LONDON — It is one of history’s most celebrated diamonds — and one of its most fiercely contested. Taken from an 11-year-old Indian prince in the 1840s and presented to Queen Victoria, the Koh-i-Noor has long been a glittering jewel in British crowns — and, to many, a lingering symbol of British colonial larceny.
With Buckingham Palace dusting off its baubles for the coronation of King Charles III in May, the Koh-i-Noor seemed at risk of kicking off another dispute, this time over whether Camilla, the queen consort, would wear it in her crown.
On Tuesday, Buckingham Palace sidestepped a diplomatic clash with the Indian government by announcing that Camilla would not wear the 105.6-carat Koh-i-Noor, one of the world’s largest cut diamonds.
That diamond is set in a crown made for Queen Elizabeth, the queen mother, who used it for her coronation in 1937 as queen consort to King George VI, though it had previously been used in other settings. At King Charles’s coronation, the palace said, Camilla will wear a crown that belonged to Queen Mary, the queen consort from 1910 to 1936, which does not feature the Koh-i-Noor.
After the death of Queen Elizabeth II last September, social media accounts in India raised the prospect of the Koh-i-Noor diamond figuring in another coronation ceremony. A spokesman for the political party of Prime Minister Narendra Modi told the Daily Telegraph that the “coronation of Camilla and the use of the crown jewel Koh-i-Noor brings back painful memories of the colonial past.”
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Previous Indian governments have lobbied for the return of the diamond, which is kept, along with other crown jewels, in the Tower of London. Visitors from India and Pakistan are known to mutter about it being stolen as they view it behind glass. But in 2010, Prime Minister David Cameron vowed that the Koh-i-Noor, which translates as Mountain of Light, would “stay put” in Britain.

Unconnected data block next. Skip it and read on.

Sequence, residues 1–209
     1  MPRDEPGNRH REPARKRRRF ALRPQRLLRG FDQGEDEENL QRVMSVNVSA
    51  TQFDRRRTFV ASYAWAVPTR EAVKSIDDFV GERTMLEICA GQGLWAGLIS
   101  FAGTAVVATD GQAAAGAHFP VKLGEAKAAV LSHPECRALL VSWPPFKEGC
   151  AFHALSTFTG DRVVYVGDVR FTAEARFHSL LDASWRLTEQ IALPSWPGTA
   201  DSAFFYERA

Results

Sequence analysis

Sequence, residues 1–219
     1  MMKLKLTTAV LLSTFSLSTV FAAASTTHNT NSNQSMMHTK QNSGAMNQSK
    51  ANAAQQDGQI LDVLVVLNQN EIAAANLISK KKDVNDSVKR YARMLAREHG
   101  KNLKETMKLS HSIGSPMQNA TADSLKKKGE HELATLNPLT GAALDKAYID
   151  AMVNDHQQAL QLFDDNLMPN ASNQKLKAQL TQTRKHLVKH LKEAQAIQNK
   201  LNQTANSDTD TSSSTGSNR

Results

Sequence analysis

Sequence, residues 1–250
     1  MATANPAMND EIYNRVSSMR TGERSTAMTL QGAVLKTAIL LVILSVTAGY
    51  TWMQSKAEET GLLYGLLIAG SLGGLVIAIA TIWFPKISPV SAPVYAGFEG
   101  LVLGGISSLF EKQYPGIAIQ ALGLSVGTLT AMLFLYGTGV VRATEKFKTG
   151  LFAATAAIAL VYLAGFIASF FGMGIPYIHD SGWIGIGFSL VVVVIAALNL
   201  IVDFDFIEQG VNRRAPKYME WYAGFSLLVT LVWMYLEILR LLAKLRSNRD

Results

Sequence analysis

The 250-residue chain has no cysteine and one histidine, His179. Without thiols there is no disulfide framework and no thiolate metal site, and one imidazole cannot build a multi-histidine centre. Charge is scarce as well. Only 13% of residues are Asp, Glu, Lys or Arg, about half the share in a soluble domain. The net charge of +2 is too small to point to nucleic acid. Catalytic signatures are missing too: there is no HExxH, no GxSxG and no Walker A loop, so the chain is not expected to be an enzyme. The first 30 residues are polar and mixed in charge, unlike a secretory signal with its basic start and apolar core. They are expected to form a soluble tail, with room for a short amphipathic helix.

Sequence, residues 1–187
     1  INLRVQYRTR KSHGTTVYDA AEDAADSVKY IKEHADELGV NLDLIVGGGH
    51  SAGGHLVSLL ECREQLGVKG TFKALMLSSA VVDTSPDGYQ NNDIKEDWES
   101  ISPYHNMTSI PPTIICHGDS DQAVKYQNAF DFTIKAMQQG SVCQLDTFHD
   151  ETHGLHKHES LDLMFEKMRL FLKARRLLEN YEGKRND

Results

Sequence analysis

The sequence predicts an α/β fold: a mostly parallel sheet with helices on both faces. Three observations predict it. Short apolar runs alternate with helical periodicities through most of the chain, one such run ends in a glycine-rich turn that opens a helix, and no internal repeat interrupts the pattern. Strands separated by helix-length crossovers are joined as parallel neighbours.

Still, Buckingham Palace is showing sensitivity about a range of other issues surrounding the coronation, from the extravagance of the festivities during a cost-of-living crisis, to the role of Charles as the defender of the Church of England when he is interested in protecting freedom of worship for people of many faiths.
“The Koh-i-Noor is a real, serious sticking point,” Lauren Kiehna, a writer and historian on royal jewelry wrote in October on her blog, the Court Jeweller. “I would imagine that Charles and Camilla would be keen to avoid additional criticism when possible, and Charles particularly has always seemed sensitive to the fact that jewels can carry significant symbolism.”
In its announcement, the palace cast the selection of crowns for Camilla in economic, rather than cultural, terms.
“The choice of Queen Mary’s crown by her majesty is the first time in recent history that an existing crown will be used for the coronation of a consort instead of a new commission being made, in the interests of sustainability and efficiency,” the palace said, making no direct reference to the Koh-i-Noor diamond.
Queen Mary’s crown, the palace said, has been removed from the Tower to be refurbished for the coronation. It will be reset with three Cullinan diamonds — somewhat less enormous gems cut from a stone mined in South Africa — that were part of the collection of Queen Elizabeth, who often wore them as brooches.
Even beyond the Koh-i-Noor, relations between Britain and India have been tricky in recent weeks. India recently overtook Britain as the world’s fifth-largest economy. The two governments are in intense negotiations over a trade agreement, which British officials said they hope to conclude in 2023.
But Indian tax authorities recently searched the offices of the BBC in New Delhi and Mumbai, a few weeks after it aired a documentary in Britain that was critical of Mr. Modi. Indian officials condemned the film, which explored Mr. Modi’s role in violence outbreaks in Gujarat Province in 2002, as “hostile propaganda.”